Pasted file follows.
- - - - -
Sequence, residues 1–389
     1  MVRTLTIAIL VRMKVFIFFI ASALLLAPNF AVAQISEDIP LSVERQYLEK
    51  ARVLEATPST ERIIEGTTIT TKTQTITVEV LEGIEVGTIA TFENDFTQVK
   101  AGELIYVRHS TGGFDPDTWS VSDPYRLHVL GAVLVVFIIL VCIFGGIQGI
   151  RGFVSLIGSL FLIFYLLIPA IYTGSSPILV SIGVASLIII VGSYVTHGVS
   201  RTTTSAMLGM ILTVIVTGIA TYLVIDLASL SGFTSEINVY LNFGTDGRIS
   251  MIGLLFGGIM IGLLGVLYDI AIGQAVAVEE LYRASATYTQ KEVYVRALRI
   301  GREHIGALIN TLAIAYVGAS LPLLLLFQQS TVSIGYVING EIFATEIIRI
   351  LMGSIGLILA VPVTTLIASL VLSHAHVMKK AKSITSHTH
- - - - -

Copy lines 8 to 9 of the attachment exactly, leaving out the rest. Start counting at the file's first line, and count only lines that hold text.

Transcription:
   301  GREHIGALIN TLAIAYVGAS LPLLLLFQQS TVSIGYVING EIFATEIIRI
   351  LMGSIGLILA VPVTTLIASL VLSHAHVMKK AKSITSHTH